Google AdWords is Google’s paid advertising platform where you’re able to display paid search ads by bidding on certain keywords.
Google Analytics is a free online website analytics tool by Google which lets you track and report site traffic. Data gathered from Google Analytics provides you with insight on user site behavior and helps you to modify your marketing efforts accordingly.
Google Data Studio
Google Data Studio lets you turn Google Analytics data into easy-to-understand reports. You can choose how you want to present the data whether it’s through charts, line graphs, bar graphs, diagrams, and so on. This allows clients and stakeholders to understand how their site/campaign is performing.
Google Optimize allows you to do A/B testing on your site’s content to see which type provides the best results (engagement, conversions, etc.)
Google Tag Manager
Google Tag Manager lets you track tags on your website and see if they work on your website before going live.
Also called a page hit, this refers to an interaction which is recorded and sent to Google’s servers. Types of hit include event tracking hits, eCommerce hits, page tracking hits, and social interaction hits.
Hostname refers to the website URL tracked by Google Analytics. If someone visits your site https://www.abcdefg.com/about-us, the hostname would be www.abcdefg.com
Impression refers to any instance where a link or ad from your site is shown in a search engine or web page.
Intelligence Events are alerts from Google Analytics which lets you know there was a significant change in traffic or user behavior on your site. Some of these alerts are automatic while others, you can set up yourself.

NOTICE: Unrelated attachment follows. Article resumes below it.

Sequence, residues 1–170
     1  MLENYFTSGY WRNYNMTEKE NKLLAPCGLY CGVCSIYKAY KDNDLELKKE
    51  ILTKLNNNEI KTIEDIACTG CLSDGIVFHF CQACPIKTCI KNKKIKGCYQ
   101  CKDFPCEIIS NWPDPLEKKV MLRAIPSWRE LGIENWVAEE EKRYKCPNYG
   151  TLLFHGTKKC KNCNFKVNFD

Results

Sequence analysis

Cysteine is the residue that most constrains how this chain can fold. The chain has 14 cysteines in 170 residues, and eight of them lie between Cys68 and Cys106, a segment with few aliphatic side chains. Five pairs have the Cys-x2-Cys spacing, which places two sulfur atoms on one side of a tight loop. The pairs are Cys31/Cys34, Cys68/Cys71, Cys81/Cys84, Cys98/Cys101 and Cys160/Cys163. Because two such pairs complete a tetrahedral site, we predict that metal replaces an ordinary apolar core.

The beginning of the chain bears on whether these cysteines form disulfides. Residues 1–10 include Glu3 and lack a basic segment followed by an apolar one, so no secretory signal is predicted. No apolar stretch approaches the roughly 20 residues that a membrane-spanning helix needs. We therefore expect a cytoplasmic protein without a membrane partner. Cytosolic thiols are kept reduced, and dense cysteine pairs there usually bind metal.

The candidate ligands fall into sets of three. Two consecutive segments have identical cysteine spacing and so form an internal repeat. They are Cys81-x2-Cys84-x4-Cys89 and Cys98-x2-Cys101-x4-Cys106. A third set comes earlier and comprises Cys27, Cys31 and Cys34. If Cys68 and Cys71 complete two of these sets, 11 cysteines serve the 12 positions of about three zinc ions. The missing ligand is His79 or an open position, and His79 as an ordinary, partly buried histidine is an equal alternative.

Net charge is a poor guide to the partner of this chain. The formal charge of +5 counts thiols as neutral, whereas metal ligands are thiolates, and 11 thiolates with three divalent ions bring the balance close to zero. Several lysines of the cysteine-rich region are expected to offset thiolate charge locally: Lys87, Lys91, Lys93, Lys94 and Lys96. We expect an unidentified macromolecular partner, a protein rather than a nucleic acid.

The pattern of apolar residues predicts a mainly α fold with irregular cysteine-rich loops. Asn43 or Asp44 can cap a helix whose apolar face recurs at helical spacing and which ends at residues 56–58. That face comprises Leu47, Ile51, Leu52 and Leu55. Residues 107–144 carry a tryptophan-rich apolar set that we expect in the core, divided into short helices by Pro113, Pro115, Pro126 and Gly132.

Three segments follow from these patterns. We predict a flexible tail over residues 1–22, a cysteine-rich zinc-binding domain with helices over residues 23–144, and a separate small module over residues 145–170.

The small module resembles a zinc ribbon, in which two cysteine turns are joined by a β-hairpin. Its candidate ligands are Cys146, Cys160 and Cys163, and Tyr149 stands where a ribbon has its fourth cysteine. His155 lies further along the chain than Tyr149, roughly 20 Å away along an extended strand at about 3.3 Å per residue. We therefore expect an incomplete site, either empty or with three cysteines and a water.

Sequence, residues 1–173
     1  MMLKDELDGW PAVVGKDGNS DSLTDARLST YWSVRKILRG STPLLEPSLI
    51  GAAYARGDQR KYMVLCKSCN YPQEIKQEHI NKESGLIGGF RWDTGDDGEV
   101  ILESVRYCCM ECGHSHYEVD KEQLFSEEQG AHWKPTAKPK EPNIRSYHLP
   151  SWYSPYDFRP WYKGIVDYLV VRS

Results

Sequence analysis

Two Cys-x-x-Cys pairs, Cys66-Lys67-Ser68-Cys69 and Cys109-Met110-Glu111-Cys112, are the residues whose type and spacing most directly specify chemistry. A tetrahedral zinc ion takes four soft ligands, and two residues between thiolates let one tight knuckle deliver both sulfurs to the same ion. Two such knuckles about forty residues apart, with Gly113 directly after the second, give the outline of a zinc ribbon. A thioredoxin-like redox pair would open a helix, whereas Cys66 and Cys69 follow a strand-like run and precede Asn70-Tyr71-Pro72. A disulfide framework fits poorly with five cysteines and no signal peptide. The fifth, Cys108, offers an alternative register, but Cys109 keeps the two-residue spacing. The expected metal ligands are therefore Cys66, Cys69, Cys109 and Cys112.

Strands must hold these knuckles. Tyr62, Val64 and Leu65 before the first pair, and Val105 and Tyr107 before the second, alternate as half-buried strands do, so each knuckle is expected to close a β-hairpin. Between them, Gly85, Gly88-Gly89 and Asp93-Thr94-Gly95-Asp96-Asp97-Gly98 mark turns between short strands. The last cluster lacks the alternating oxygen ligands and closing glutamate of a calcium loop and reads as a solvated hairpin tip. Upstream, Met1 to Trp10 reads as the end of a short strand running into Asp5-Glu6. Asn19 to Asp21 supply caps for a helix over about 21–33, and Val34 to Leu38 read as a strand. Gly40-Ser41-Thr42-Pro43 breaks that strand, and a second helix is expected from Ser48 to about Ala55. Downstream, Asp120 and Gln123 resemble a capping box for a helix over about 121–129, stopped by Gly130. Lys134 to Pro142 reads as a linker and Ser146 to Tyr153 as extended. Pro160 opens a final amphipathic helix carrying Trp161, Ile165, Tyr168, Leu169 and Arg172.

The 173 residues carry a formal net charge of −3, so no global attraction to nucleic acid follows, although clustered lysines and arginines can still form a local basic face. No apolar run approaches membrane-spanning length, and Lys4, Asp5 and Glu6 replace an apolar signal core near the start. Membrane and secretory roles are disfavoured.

Interests lets you know about the other niches that your visitors are engaging with. This gives you a better idea of topics that your audience is interested in.
Keywords refers to the terms that people type in on search engines before landing on your website. Most organic keyword traffic will show as “not provided” which means that the individual keyword is hidden by the search engine. This is a result of users searching on Google through a secure connection (https://www.google.com). However, the “not provided” list is lifted for paid search results.
This is the first page a site visitor sees when they arrive on your website. They fulfil a single objective and are often implemented in marketing campaigns. A site can have multiple landing pages that encapsulate your business goals.
Last Interaction (or Last-Click)
The Last Interaction refers to the last thing a user did on your site before they converted. This gives you an idea which pages on your site are doing well in completing a conversion.
Local Product Revenue